One of the first things we look out for when we move to a new house or plan to build a house is the neighbourhood status quo. Are the neighbours ‘nammude type’? Will they be friendly? You have to take all this into account fr they are going to be an almost constant presence in your life from then on. Here’s a look at some Malayali neighbourhood scene that you might relate to.
The ‘they know your paramb better’ scene
While you might have forgotten to check if your ‘vaazhakkula’ has ripened or if it’s time for you to call the ‘thenga parikknna chettan’, worry not! Most often your neighbour’s nose is planted in your paramb. You get updates about which plant needs more watering or how you can make your chrysanthemums bloom better. They have opinions, suggestions, and recommendations for every inch of your land, whether you need it or not.
The ‘edthotte, parichotte’ scene
They are the type you wish went grocery shopping more often than they actually did. An occasional “kariveppila parichotte chechi?” is often welcomed because it never ends there. You get to catch up on all the latest neighbourhood gossip in less than 5 minutes! It only gets nerve-wracking when ‘kariveppila’ shifts to ‘biriyani chemb’ or some of your mom’s prized cutlery. And try asking her why she can’t just say no to them. All moms have the standard reply “Enganeya venda nn paraya?!” We don’t know if it’s cute or just incredibly annoying.
Before you call KSEB, ‘appuram koodi onn nokkatte!’
The very first thing you do when there is a power cut is to check if your neighbour’s house has electricity. It’s all good if you can’t see a light ON in their house as well. But be prepared for the tension that whips up, if God forbid, you see their lights ON! Then ‘vepraalam’ takes over and you start bugging KSEB to determine the exact cause of the power cut.
The waste management tharkkam
Some neighbourhoods have great kitchen-waste management techniques which are most often panchayat initiatives. But there are always people who still ‘believe’ in burning them no matter how many times you express your discomfort with the fumes! They always respond with, “Verenth cheyyaana chechi! Korche ullu, ippo theerum.”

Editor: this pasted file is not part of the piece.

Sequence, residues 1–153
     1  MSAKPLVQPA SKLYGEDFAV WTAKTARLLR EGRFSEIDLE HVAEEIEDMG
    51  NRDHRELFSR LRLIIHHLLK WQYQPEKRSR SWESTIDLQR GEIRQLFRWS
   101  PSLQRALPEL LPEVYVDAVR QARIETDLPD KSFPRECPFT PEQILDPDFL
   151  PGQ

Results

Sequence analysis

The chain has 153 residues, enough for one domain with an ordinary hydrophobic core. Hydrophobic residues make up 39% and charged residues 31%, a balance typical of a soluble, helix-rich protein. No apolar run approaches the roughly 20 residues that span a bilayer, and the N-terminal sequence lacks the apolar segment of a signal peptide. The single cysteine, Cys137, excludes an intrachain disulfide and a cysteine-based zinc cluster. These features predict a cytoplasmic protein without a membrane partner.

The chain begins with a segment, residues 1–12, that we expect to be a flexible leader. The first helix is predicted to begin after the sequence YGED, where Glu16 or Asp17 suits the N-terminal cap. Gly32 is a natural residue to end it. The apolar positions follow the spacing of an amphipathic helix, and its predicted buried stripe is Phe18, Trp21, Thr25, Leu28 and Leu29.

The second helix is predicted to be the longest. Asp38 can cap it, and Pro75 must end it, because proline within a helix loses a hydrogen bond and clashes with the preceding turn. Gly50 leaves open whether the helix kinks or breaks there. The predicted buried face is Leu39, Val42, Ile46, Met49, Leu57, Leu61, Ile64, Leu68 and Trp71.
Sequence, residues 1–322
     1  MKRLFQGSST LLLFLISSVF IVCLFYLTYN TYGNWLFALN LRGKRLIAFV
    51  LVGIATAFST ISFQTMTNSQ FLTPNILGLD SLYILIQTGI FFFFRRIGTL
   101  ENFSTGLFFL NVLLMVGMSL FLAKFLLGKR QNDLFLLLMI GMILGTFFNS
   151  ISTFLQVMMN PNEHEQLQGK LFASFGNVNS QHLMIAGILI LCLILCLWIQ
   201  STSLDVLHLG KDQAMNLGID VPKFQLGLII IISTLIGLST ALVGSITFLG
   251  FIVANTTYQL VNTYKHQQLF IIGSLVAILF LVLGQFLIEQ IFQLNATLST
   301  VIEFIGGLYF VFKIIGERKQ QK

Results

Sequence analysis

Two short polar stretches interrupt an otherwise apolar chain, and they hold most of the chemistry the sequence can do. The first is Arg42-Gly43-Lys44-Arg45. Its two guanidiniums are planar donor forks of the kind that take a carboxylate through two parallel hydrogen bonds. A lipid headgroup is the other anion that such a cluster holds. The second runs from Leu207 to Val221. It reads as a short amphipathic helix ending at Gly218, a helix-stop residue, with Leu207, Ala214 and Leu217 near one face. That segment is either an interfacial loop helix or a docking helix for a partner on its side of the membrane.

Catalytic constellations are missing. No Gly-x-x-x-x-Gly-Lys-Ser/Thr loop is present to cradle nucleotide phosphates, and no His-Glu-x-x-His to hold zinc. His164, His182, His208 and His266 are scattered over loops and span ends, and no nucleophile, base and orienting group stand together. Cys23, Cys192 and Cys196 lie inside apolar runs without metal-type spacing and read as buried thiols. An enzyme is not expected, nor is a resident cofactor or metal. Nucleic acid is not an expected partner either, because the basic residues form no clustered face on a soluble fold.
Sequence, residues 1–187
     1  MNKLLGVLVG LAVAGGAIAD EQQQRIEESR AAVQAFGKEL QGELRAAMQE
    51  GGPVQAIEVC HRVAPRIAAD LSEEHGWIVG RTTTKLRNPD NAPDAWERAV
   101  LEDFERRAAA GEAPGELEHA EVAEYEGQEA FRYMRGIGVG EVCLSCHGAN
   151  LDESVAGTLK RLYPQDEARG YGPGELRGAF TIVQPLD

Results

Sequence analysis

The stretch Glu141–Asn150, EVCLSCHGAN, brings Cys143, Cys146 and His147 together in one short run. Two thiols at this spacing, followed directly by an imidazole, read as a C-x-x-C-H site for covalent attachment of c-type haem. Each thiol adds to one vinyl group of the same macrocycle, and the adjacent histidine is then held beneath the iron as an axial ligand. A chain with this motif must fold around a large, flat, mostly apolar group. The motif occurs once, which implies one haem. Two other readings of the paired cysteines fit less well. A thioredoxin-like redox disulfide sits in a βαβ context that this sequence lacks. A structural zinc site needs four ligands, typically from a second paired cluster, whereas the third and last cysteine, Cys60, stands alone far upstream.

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How we wait for Eid, Christmas, or Onam to have our neighbourhood aunty’s masterpiece of a dum biriyani, or plum cake, or that lip smacking paalada paaysam! And then you piss your mom off when she tries to replicate the dish by shaking your head and saying, “Auntyde athrem perfect aayla, ennaalum OK aan!”
And we don’t really have to wait around for festivals, to be honest. Board exam results or neighbour aunty’s son’s daughter’s first birthday is more than enough to make a box of laddu or slices of fresh cream cake come our way!
Your pattikutty-sitter or chedi-sitter
Whenever you have to go stay over at a relative’s house or you land up in a situation where you can’t manage to get back in time for your doggy’s lunchtime, neighbours are always there to help you out. They come and feed your animals and also water your plants when you are away. And no matter how annoying they are, you always are grateful that they exist when it comes to moments like these!
Emergency meetings about random aunties and their ‘gelf’ husbands
The planned gossip conferences are formally called ‘kudumbashree yogams’. But then there are these unplanned yet juicy talks that crop up out of the blue and make your mom forget that she had something on the ‘adupp’. These talks range from how Mr. Menon became the head of the ward despite locals being against him to how Mrs. Kumar flaunted a ₹5000 saree at a party the previous night, which apparently her husband got her from the ‘gelf’. Its like a ‘vaarthakal otta nottathil’!
Chakka-maanga priceless bonds
Malayalis live for the chakka and maanga season. Admit it! And how our eyes gleam when we see our neighbour’s ‘maavu’ laden with golden mangoes and we secretly know that a share of that will land in our tummies pretty soon! We are also extremely generous when we have an overdose of ‘chakka’ and we end up giving a half or so to our neighbours out of sheer love and not just because, “Ho! chakka thinn mathi aay, korch avrkkum kodkkaam!” You know it if you know it!
Neighbourhoods and neighbours have always been a lively part of our lives. We mostly went to school in the same school van as our neighbour’s kids, most often our mom and neighbour aunties go grocery shopping together, and our dad and the uncle next door have heart to heart conversations about which car is worth buying and why stock market investments are tricky. And we have all had moments with them where we silently thank our lucky stars for their existence. True that, we have had our own share of disagreements with them. But as someone once said, “Sneham ulladthe paribhavam ullu!”
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So what are some common scenes from your neighbourhood?